The comparison had to be strained to fit the living lady’s shape. Did he think it, or a dash of something like it?

His mood was luxurious. He had found the fair and youthful original woman of refinement and station desired by him. He had good reason to wish to find her. Having won a name, standing on firm ground, with promise of a great career, chief of what was then taken for a growing party and is not yet a collapsed, nor will be, though the foot on it is iron, his youth had flown under the tutelage of an extraordinary Mentor, whom to call Athene robs the goddess of her personal repute for wisdom in conduct, but whose head was wise, wise as it was now grey. Verily she was original; and a grey original should seem remarkable above a blooming blonde. If originality in woman were our prime request, the grey should bear the palm. She has gone through the battle, retaining the standard she carried into it, which is a victory. Alas, that grey, so spirit-touching in Art, should be so wintry in reality!

The discovery of a feminine original breathing Spring, softer, warmer than the ancient one, gold instead of snowcrested, and fully as intrepid as devoted, was an immense joy to Alvan. He took it luxuriously because he believed in his fortune, a kind of natal star, the common heritage of the adventurous, that brought him his good things in time, in return for energetic strivings in a higher direction apart from his natural longings.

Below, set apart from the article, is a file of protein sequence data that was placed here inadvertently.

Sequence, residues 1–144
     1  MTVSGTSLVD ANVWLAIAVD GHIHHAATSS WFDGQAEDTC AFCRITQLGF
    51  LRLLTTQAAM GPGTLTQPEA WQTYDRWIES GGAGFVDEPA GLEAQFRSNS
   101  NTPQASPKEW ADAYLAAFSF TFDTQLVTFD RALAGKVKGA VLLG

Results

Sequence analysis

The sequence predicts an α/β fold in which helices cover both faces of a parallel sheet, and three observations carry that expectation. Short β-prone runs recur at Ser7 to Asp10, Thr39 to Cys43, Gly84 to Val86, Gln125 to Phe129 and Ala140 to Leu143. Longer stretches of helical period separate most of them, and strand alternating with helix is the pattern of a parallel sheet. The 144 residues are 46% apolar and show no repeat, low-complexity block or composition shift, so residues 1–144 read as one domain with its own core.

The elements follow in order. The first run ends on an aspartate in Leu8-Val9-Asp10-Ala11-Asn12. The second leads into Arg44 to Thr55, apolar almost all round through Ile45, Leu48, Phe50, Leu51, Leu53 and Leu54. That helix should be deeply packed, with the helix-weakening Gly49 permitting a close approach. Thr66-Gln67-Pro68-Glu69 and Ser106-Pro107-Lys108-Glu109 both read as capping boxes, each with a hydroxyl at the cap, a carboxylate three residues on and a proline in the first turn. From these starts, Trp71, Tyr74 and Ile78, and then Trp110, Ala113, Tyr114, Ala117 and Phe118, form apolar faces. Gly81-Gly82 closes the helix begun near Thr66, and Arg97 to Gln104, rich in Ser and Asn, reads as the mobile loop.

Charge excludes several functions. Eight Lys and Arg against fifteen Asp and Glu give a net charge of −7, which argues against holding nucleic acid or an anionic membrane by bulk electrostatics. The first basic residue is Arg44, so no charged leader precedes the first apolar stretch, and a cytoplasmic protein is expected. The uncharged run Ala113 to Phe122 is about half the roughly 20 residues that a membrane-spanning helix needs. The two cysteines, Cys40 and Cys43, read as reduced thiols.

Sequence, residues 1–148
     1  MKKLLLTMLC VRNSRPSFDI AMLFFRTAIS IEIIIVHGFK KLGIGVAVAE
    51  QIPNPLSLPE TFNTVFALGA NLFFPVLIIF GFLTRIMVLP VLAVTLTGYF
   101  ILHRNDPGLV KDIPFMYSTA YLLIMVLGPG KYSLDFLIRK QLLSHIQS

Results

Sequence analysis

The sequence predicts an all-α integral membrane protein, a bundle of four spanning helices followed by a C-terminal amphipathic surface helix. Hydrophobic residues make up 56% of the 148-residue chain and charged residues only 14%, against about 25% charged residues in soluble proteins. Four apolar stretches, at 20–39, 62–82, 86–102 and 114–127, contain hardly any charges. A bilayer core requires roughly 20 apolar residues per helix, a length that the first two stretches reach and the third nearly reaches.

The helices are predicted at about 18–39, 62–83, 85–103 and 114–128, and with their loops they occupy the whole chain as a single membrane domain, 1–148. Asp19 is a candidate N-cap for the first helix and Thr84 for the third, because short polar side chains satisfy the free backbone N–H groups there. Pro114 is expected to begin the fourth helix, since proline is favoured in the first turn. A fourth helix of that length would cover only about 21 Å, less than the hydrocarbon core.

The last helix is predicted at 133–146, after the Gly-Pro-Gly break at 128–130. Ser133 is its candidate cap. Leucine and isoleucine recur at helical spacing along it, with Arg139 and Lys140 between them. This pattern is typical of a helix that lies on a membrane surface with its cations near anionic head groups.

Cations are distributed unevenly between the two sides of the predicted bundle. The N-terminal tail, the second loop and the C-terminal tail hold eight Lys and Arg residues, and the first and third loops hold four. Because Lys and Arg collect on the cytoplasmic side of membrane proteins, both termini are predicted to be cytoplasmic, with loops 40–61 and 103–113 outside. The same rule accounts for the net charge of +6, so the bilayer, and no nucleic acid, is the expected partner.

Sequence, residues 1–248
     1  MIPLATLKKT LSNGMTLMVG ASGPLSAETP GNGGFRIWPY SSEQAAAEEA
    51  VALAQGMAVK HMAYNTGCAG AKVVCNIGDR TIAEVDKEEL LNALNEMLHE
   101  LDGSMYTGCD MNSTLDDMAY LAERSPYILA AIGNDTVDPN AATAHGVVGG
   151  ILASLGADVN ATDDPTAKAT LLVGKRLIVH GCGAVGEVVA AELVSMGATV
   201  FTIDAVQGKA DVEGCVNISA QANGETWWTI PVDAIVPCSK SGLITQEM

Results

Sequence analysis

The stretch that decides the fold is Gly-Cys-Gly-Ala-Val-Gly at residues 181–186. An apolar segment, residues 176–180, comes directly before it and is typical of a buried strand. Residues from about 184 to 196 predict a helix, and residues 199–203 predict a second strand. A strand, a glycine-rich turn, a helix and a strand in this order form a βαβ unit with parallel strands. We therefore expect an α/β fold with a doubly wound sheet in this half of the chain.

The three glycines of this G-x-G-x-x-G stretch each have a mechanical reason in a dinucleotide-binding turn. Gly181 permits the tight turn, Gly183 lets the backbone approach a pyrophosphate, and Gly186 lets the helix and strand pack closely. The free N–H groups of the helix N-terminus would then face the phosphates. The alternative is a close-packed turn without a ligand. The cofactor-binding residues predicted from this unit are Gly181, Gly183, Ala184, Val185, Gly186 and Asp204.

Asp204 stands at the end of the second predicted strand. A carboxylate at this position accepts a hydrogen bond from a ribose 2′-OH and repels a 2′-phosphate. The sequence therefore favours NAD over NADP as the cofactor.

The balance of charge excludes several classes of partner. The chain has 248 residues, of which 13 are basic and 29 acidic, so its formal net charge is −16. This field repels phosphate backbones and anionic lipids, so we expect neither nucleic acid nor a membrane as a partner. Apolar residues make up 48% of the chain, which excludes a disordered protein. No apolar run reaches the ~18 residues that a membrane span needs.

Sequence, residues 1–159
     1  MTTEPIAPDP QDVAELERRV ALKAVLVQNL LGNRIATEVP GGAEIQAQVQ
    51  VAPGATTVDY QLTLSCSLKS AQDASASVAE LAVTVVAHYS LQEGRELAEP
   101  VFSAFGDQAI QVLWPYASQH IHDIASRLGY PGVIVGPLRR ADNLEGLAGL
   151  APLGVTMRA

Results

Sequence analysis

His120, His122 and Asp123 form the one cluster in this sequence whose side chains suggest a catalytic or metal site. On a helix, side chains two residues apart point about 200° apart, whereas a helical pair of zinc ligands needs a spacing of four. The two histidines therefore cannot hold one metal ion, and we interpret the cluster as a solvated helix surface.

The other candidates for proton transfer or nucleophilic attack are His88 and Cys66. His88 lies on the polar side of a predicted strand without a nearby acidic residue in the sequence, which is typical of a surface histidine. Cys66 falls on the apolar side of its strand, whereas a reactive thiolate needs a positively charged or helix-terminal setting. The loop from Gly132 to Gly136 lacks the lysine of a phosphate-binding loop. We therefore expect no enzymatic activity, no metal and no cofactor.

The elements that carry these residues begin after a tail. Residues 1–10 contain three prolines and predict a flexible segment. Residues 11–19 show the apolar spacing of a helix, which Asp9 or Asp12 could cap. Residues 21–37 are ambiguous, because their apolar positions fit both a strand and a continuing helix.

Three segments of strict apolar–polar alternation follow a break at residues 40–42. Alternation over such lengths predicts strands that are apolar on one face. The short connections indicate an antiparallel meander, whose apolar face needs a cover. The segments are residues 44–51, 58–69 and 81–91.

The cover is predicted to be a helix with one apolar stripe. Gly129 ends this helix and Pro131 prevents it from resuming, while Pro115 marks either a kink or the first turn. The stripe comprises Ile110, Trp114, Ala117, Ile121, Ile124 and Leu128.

Fortune had delayed, he had wintered long. All the sweeter was the breath of the young Spring. That exquisite new sweetness robed Clotilde in the attributes of the person dreamed of for his mate; and deductively assuming her to possess them, he could not doubt his power of winning her. Barriers are for those who cannot fly. The barriers were palpable about a girl of noble Christian birth: so was the courage in her which would give her wings, he thought, coming to that judgement through the mixture of his knowledge of himself and his perusal of her exterior. He saw that she could take an impression deeply enough to express it sincerely, and he counted on it, sympathetically endowing her with his courage to support the originality she was famed for.